What Will It Take For Smaller Businesses To Convert To SaaS?

Software-as-a-Service (SaaS) sure gets a lot of buzz, but that doesn't mean businesses are switching over from traditional, licensed software. What will it take to convince those smaller companies?
Software-as-a-Service (SaaS) sure gets a lot of buzz, but that doesn't mean businesses are switching over from traditional, licensed software. What will it take to convince those smaller companies?SaaS seems like the perfect solution for small and midsize companies -- the pros include low and predictable costs, rapid deployment, and no in-house IT support. But while one recent study found that 65 percent of smaller businesses are open to the idea of SaaS, only 26 percent of small businesses and 33 percent of midsize companies actually use or are planning to adopt SaaS.

Serguei Sofinski

On Tuesday a dozen journalists, public-relations folks, and Intermedia employees gathered over lunch in San Francisco to discuss a number of questions relating to SaaS.

Intermedia, our host, provides e-mail to the small- and midsize-business market. The New York City-based company believes that SaaS is already set to be redefined into its second phase -- Saas 2.0, as it separates from being lumped into cloud computing. But wait -- what about the companies that haven't even bitten into SaaS 1.0 yet?

The usual reasons were batted around for why smaller companies haven't yet drunk the SaaS Kool-Aid:

  • Security concerns: Intermedia's director of marketing, Danny Essner, and I agreed that the smaller businesses have a concern about an outside company ensuring their information's security -- yet these same businesses don't necessarily know how to handle security themselves.
  • If it ain't broke, why fix it? Getting any business to make a switch in this recession is going to be a challenge, even if it can be shown that SaaS is cost-effective.
  • Education. Not everyone is aware of what SaaS is and is still considered the same as cloud computing. Yet our group was pretty convinced that they are two separate technologies. Essner said he's heard SaaS defined as Systems-as-a-Service, which is more encompassing of the two ideas, yet we discussed that cloud computing is more of the philosophical concept, and SaaS is the actual service.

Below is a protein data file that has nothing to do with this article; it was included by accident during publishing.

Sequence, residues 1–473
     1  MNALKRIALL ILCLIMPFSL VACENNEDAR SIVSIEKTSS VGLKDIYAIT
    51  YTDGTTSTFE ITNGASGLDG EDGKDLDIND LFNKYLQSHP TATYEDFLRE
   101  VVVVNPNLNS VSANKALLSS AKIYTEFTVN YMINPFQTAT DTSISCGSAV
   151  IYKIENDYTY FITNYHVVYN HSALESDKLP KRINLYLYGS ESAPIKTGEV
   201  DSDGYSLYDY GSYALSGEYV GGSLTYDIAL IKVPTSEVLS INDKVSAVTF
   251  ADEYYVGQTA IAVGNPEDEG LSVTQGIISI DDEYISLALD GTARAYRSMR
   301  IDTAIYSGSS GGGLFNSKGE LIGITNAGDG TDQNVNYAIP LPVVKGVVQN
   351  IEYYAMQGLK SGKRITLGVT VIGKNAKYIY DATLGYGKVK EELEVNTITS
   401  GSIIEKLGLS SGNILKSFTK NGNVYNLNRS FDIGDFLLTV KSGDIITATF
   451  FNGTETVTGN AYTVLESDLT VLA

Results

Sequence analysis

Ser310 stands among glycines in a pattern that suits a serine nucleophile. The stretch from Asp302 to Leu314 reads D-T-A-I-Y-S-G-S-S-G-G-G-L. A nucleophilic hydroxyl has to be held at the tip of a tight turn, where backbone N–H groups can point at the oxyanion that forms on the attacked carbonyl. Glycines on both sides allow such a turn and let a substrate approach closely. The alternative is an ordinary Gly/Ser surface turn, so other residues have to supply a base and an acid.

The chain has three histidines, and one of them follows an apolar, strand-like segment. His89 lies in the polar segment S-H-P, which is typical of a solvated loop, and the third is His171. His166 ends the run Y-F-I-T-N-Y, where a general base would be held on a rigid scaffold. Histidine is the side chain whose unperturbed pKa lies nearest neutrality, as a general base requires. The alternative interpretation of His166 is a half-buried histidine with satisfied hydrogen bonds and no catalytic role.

Ultimately, education and awareness are what we decided are going to be the drivers toward adoption of SaaS. As one journalist put it, vendors can't expect reactivity from the small and midsize market simply because of their own productivity. His analogy was this: Companies like Intermedia are trains -- they're going about everything the right way, including developing a product, ensuring it works and is secure, and marketing that product. The small and midsize businesses are the train station, and the train just needs to catch up to them. In other words, in time, those potential clients will have read up on SaaS and have their fears swayed, and when the SaaS train arrives, they will likely be ready to get on board.

SaaS is here, and it's likely not a fly-by-night trend. As Intermedia CEO Serguei Sofinski and I discussed, in this recession, it doesn't pay to be overstaffed. A smaller business can be more cost-effective by outsourcing its IT department. Particularly for start-ups, which need to be nimble in order to prevent imploding, small and midsize companies should pay attention to all the layoffs going on these days and see where they can cut corners. And when we get out of this recession in a year or two, the whole business playing field is going to look a lot different.

More From bMighty: Luring Big-Time Customers With SaaS

Editor's Choice
Sara Peters, Editor-in-Chief, InformationWeek / Network Computing
John Edwards, Technology Journalist & Author
John Edwards, Technology Journalist & Author
James M. Connolly, Contributing Editor and Writer